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A stock is selling for $100 with a volatility of 40 percent Consider a call option on the stock with an exercise price of 100 and an expiration of one year The riskfree rate is 45 percent Let the

A stock is selling for $100 with a volatility of 40 percent. Consider a call option on the stock with an exercise price of 100 and an expiration of one year. The risk-free rate is 4.5 percent. Let the call be selling for its Black-Scholes-Merton value. You construct a delta-hedged position involving the sale of 10,000 calls and the purchase of an appropriate number of shares. You can buy and sell shares and calls only in whole numbers. At the end of the next day, the stock is at $99. You then adjust your position accordingly to maintain the delta hedge. The following day the stock closes at $102. In all cases use the spreadsheet BSMbin8e.xls to price the call.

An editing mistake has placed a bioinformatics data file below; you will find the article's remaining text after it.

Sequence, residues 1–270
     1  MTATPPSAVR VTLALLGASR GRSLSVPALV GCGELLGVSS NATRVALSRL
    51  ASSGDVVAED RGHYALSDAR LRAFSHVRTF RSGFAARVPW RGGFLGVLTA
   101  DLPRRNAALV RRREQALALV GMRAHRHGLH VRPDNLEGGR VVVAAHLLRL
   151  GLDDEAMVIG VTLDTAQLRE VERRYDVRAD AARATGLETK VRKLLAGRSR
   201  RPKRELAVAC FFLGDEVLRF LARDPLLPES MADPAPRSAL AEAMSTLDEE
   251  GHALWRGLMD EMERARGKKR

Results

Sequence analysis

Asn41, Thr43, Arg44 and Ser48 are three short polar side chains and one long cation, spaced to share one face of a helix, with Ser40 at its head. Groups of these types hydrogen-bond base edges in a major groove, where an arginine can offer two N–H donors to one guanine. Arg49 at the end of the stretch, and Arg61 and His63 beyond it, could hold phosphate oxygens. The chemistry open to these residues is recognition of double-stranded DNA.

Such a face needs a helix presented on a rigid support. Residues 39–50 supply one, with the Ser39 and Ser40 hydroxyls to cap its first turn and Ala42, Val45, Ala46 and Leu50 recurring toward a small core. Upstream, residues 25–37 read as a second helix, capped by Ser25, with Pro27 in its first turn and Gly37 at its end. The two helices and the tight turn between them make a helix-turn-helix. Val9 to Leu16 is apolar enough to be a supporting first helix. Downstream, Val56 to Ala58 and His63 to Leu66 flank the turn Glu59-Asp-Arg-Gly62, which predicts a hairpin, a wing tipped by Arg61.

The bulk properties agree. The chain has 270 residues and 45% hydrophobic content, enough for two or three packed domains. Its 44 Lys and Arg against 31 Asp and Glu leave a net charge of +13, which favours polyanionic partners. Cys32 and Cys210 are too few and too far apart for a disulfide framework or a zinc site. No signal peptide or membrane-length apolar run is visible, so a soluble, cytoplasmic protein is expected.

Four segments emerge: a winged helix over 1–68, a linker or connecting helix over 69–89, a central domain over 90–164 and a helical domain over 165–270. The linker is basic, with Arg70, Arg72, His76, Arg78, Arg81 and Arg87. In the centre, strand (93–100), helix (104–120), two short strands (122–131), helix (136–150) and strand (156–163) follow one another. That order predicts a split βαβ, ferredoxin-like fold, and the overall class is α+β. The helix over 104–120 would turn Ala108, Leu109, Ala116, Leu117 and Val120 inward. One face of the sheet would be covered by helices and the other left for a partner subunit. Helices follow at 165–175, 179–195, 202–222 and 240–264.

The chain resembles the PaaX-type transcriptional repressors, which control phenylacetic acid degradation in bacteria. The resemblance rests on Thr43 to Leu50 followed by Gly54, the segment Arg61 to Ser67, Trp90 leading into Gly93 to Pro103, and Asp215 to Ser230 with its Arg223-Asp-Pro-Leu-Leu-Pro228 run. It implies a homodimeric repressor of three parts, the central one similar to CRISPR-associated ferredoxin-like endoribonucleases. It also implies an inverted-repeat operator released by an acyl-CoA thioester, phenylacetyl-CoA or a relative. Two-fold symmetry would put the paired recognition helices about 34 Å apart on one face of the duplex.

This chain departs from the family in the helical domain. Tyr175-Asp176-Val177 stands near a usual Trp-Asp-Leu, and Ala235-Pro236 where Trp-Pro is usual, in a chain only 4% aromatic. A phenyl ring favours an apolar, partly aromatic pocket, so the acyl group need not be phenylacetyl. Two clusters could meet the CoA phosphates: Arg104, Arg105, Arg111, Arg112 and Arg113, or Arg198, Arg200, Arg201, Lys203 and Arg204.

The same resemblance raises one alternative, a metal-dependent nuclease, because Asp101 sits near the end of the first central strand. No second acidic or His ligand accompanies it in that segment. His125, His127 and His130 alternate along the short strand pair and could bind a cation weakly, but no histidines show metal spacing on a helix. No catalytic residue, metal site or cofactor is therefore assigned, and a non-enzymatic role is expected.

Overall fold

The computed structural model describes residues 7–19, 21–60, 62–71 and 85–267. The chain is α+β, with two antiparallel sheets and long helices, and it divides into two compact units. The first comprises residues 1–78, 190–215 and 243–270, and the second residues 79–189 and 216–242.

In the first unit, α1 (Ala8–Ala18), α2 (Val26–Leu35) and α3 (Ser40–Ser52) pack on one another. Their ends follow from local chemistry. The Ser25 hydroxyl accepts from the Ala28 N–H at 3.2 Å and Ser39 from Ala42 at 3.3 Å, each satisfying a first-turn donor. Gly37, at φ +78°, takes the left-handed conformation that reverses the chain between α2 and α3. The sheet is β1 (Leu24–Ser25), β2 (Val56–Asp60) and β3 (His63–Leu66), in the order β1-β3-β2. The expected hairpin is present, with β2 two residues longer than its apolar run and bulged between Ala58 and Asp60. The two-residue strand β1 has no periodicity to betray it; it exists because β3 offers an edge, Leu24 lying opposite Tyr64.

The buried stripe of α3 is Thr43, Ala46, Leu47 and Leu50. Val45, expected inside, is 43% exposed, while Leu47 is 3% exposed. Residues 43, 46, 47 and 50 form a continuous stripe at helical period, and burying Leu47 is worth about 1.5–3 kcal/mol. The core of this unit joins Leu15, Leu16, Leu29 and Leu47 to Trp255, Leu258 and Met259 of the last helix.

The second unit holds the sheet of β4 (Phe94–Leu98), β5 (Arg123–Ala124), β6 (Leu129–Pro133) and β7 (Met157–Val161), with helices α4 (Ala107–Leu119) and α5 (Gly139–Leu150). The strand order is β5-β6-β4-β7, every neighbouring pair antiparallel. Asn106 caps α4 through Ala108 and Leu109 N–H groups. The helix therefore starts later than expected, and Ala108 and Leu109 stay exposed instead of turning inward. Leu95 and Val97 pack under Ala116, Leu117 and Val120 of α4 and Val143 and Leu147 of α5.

a. Compare the amount of money you end up with to the amount you would have had if you had invested the money in a risk-free bond. Explain why the target was or was not achieved.

b. Now add another option, one on the same stock with an exercise price of 105 and the same expiration. Reconstruct the problem by delta and gamma hedging. Explain why the target was or was not achieved.

Mar 29 2020 View more View Less

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